Goldman Sachs changes track and confirms part-time DJ as chief executive
Goldman Sachs has confirmed that chief operating officer David Solomon will replace Lloyd Blankfein as chief executive, ending a 12-year stint for the outgoing boss.
Mr Solomon will join the board on October 1, a day after Mr Blankfein steps down as chief executive, and will take on the additional role of chairman by year end.
The long-time banker and part-time DJ replaces one of the longest-serving Wall Street bosses, with Mr Blankfein's leadership having both survived and outlasted the financial crisis.
Mr Solomon - known on the dance floor as DJ Sol - takes up the reins after serving as chief operating officer and president from 2016, having previously worked as the global co-head of the investment banking division from 2006.
His path to the chief executive's desk was cleared earlier this year, when his co-chief operating officer Harvey Schwartz - who was also seen as a likely successor - announced he would retire from the firm.
Mr Blankfein, who will serve as "senior chairman" after his retirement, said: "David is the right person to lead Goldman Sachs.
"He has demonstrated a proven ability to build and grow businesses, identified creative ways to enhance our culture and has put clients at the centre of our strategy.
"Through the talent of our people and the quality of our client franchise, Goldman Sachs is poised to realise the next stage of growth."
He added: "I've never been more optimistic about our ability to serve our clients effectively and generate industry-leading returns."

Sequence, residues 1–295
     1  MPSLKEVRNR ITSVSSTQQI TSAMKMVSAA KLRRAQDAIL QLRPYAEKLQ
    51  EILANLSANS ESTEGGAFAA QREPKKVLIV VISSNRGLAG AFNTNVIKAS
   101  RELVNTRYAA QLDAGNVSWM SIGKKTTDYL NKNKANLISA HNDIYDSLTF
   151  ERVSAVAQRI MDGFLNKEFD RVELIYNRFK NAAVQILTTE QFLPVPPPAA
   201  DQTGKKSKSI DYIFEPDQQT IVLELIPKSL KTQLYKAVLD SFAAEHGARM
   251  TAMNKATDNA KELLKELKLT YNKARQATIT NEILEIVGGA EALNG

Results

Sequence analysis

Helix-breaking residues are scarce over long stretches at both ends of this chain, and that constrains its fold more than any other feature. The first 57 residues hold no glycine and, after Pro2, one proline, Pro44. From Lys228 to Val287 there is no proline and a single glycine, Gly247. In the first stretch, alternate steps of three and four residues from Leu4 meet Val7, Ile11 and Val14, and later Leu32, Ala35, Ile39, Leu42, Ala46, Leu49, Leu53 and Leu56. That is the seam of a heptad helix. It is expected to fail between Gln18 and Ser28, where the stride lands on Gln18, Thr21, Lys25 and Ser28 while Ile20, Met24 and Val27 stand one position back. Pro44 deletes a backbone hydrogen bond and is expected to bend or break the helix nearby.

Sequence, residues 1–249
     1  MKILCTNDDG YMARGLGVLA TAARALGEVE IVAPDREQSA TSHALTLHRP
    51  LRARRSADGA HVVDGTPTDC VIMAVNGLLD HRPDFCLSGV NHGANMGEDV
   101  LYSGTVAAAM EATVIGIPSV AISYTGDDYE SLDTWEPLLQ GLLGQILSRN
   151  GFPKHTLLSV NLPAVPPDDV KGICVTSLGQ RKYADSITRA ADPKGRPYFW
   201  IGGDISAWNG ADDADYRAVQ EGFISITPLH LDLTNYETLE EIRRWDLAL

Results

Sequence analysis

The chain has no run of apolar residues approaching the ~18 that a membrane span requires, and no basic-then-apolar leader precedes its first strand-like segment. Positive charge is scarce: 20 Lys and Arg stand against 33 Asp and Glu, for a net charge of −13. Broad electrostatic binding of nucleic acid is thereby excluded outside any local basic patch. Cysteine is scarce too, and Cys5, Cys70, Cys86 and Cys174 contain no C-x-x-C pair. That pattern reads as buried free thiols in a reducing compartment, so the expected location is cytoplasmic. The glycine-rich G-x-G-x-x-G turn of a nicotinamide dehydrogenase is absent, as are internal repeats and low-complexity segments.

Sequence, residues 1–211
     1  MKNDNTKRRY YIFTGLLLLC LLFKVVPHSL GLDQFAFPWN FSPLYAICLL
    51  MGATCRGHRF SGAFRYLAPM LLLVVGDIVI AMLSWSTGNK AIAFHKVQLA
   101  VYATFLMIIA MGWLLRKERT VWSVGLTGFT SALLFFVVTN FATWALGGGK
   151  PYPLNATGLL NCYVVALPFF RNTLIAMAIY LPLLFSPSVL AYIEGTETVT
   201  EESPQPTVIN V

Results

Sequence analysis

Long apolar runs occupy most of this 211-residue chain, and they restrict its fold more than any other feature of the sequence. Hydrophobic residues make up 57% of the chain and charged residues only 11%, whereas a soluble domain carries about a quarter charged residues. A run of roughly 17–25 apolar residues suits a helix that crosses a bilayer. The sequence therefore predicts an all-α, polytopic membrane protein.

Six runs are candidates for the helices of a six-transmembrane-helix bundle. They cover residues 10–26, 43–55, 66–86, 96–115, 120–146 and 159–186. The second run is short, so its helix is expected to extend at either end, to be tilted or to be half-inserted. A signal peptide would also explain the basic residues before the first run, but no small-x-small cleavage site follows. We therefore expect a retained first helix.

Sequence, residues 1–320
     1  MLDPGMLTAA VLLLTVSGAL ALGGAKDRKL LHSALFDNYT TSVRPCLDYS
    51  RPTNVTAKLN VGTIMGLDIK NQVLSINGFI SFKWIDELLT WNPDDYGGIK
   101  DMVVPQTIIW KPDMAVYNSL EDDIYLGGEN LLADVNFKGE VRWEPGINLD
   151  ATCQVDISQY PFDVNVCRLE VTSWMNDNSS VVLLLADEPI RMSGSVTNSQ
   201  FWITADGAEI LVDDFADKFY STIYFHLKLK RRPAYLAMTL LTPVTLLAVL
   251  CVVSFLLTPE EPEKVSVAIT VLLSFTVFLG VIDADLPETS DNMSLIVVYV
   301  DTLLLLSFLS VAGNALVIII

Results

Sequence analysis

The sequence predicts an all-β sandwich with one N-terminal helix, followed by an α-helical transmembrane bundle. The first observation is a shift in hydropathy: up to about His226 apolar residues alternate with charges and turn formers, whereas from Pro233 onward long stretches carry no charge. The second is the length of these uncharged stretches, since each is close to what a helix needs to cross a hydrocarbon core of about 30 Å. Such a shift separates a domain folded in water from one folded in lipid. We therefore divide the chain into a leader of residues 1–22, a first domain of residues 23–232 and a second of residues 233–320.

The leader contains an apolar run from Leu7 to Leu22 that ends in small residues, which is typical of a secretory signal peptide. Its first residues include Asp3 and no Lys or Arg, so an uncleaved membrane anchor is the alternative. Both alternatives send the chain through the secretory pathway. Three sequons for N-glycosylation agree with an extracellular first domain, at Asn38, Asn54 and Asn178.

Goldman Sachs made the announcement alongside the release of its second quarter results, which showed profits rising 44% compared with a year earlier.
The rise was driven by the investment bank's core operations, including its deals advisory business and its trading division.
The New York-based bank said earnings reached 2.35 billion US dollars (£1.8 billion) in the second quarter, compared with 1.63 billion US dollars (£1.2 million) a year earlier.
On a per-share basis, Goldman earned 5.98 US dollars a share, compared with 3.95 US dollars a share a year earlier, beating analysts' forecasts of 4.65 US dollars a share.
Nearly all of Goldman's business divisions experienced double-digit growth in the second quarter, with trading particularly strong and its investment banking business posting an 18% rise in net revenues.
Its institutional client services division, which contains the firm's trading operations, posted net revenues of 3.57 billion US dollars in the quarter, up 17% from a year earlier.
Company-wide net revenues were 9.4 billion US dollars in the quarter, also beating analysts' expectations.
The bank has been aiming to diversify its businesses, moving into consumer banking and lending.
The US banking giant recently hired 150 extra staff in London as it prepares the launch of its first consumer bank account in the UK under the Marcus by Goldman Sachs brand.
It marks the digital banking platform's first expansion outside the US, where it launched in 2016.